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Copy of Differentiate for individualization-CLCC

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Copy of Differentiate for individualization-CLCC

  1. 1. INDIVIDUALIZATION AND TECHNICAL TOPICS Presented by Shaylon Walker 1
  2. 2. AGENDA ⦿Four Essential Questions ⦿Individualization ⦿Response To Intervention ⦿Core Instructional Practices ⦿Problem Solving Process ⦿Tier II Supports ⦿Grade Level Team 2
  3. 3. RICK DU FOUR 3
  4. 4. 4 ESSENTIAL QUESTIONS ⦿What is it we want students to learn? ⦿How will we know if each students has learned it? ⦿How will we respond when some students do not learn it? ⦿How can we extend and enrich the learning for students who have demonstrated proficiency? Rich Du Four 4
  5. 5. UNIQUE DESIGN 5
  6. 6. PRESENTATION/CONTENT, PROCESS, PRODUCT 6
  7. 7. HOW DO YOU PLAN TO INDIVIDUALIZE YOUR CORE INSTRUCTION TO ADDRESS ALL STUDENT NEEDS? HOW CAN YOU BE A RESOURCE OR SUPPORT TO OTHERS ON YOUR GRADE LEVEL TEAM? 7
  8. 8. RESPONSE TO INTERVENTION 8
  9. 9. QUESTIONS TO CONSIDER? ⦿How is Response To Intervention used at CLCC? ⦿Who implements student interventions? ⦿Can Response To Intervention be useful toward addressing PLPs? 9
  10. 10. CORE INSTRUCTION AND INTERVENTION ⦿ Core Instruction: Those instructional strategies that are used routinely with all students in general education setting is considered ‘core instruction.’ High-quality instruction is essential and forms the foundation of RTI academic support. NOTE: While it is important to verify that good core instructional practices are in place for a struggling student, those routine practices do not ‘count’ as individual student interventions. ⦿ Intervention: An intervention is used when a student is unable to demonstrate that he/she as learned a skill, concept, or behavior. An academic strategy is used to teach the skill, build fluency in a skill, or encourage a child to apply an existing skill to a new situations or settings. An intervention leaves a student with stronger skills. 10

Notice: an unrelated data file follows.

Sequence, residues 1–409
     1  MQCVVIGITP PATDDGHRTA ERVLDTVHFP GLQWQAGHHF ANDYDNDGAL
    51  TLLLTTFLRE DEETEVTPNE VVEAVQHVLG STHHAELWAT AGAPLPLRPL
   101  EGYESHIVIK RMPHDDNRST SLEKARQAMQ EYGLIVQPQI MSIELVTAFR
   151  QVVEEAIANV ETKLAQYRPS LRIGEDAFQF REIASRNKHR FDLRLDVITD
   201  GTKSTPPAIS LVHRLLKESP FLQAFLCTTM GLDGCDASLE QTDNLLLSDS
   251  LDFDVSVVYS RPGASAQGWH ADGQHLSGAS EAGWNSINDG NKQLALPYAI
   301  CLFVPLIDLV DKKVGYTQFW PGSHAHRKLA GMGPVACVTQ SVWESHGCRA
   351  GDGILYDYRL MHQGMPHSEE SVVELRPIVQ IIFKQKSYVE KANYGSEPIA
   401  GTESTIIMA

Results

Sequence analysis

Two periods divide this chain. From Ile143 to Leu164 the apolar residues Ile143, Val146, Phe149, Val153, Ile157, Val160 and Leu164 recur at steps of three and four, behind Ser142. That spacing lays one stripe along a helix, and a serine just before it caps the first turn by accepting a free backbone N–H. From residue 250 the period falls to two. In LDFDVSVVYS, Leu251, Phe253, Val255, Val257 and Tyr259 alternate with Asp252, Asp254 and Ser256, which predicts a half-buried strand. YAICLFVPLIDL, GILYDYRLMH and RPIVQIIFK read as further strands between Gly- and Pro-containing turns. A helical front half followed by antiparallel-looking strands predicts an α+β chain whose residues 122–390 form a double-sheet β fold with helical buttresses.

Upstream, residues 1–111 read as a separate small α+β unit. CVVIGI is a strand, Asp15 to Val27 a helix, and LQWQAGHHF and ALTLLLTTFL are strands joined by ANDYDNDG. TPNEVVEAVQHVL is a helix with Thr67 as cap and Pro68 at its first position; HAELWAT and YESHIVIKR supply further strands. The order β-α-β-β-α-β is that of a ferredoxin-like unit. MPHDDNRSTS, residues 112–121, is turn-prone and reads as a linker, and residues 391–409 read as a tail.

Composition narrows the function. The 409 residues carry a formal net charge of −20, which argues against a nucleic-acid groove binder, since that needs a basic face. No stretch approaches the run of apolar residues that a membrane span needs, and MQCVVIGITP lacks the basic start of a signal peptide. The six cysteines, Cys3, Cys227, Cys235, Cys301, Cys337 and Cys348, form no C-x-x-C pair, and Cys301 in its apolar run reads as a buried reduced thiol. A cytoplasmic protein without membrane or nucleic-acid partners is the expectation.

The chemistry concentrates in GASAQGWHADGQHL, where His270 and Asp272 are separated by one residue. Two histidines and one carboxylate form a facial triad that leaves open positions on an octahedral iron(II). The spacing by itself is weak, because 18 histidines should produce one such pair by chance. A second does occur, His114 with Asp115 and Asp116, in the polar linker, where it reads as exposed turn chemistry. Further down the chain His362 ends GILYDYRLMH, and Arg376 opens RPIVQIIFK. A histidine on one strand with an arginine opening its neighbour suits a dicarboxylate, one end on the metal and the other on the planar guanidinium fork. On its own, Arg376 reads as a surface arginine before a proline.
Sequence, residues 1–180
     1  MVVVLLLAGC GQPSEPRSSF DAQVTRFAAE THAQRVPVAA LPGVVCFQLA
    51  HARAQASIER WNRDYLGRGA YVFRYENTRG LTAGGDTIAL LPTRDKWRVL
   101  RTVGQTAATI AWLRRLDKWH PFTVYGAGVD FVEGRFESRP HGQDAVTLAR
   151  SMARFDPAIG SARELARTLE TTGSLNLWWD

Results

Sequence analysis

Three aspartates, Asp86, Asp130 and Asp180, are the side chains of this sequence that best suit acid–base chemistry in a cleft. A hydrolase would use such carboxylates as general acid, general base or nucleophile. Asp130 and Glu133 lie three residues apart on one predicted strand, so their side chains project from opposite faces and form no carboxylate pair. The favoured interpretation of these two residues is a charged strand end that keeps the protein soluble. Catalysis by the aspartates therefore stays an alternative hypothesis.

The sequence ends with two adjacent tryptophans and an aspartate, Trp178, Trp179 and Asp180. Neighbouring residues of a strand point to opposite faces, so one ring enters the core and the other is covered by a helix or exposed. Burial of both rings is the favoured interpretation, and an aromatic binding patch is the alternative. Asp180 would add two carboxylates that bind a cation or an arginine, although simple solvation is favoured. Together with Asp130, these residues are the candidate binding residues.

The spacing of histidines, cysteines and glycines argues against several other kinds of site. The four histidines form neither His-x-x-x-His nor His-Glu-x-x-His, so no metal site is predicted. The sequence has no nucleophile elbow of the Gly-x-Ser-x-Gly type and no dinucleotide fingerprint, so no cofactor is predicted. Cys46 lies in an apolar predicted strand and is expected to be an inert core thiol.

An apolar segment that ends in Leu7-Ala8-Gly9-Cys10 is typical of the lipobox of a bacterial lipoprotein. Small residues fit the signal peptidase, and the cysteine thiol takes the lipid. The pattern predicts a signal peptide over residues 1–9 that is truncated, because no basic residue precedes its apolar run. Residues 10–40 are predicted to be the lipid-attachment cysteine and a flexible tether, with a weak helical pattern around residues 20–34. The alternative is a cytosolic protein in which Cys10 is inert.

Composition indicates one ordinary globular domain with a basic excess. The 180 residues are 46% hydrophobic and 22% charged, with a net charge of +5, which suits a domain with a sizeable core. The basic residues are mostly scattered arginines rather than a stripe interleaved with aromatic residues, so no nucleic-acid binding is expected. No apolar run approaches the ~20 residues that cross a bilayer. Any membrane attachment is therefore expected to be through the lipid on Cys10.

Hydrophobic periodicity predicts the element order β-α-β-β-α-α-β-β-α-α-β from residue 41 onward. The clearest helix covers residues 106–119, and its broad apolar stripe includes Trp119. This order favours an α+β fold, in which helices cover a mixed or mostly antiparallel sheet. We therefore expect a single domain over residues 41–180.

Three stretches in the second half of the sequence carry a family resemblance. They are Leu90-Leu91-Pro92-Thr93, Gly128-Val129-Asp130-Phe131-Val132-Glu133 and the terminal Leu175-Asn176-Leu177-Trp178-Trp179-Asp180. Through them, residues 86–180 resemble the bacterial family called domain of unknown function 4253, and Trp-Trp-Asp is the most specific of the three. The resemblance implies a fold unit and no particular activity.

11. 11. ACCOMMODATIONS ⦿ Accommodations: An accommodation is intended to help the student to fully access and participate in the general education curriculum without changing the instructional content and without reducing the student’s rate of learning (Skinner, Pappas & Davis, 2005). Accommodations change the way an assignment or assessment is given or taken to allow access to the materials. An accommodation is intended to remove barriers to learning while still expecting that students will master the same instructional content as their peers. Accommodations do not improve skills like interventions do. ⦿ Example: An accommodation for students who are slow readers, for example, may include having them supplement their silent reading of a novel by listening to the book on tape. An accommodation for unmotivated students may include breaking larger assignments into smaller ‘chunks’ and providing students with performance feedback and praise for each completed ‘chunk’ of assigned work. 11
  12. 12. MODIFICATIONS ⦿ Modifications: A modification changes the expectation of what a student is expected to know or do, typically by lowering the academic standards. An example of a modification would be giving a student fewer math problems or spelling words for practice in comparison to what the other students are expected to do. Modifications should only be made with students who have IEP’s and Section 504 plans. By changing or lowering the academic expectations with modifications, a student will never ‘catch up’ academically. Modifications are generally not included in student’s RTI intervention plans; the working assumption is that the student can be successful in the curriculum with appropriate interventions and accommodations alone. 12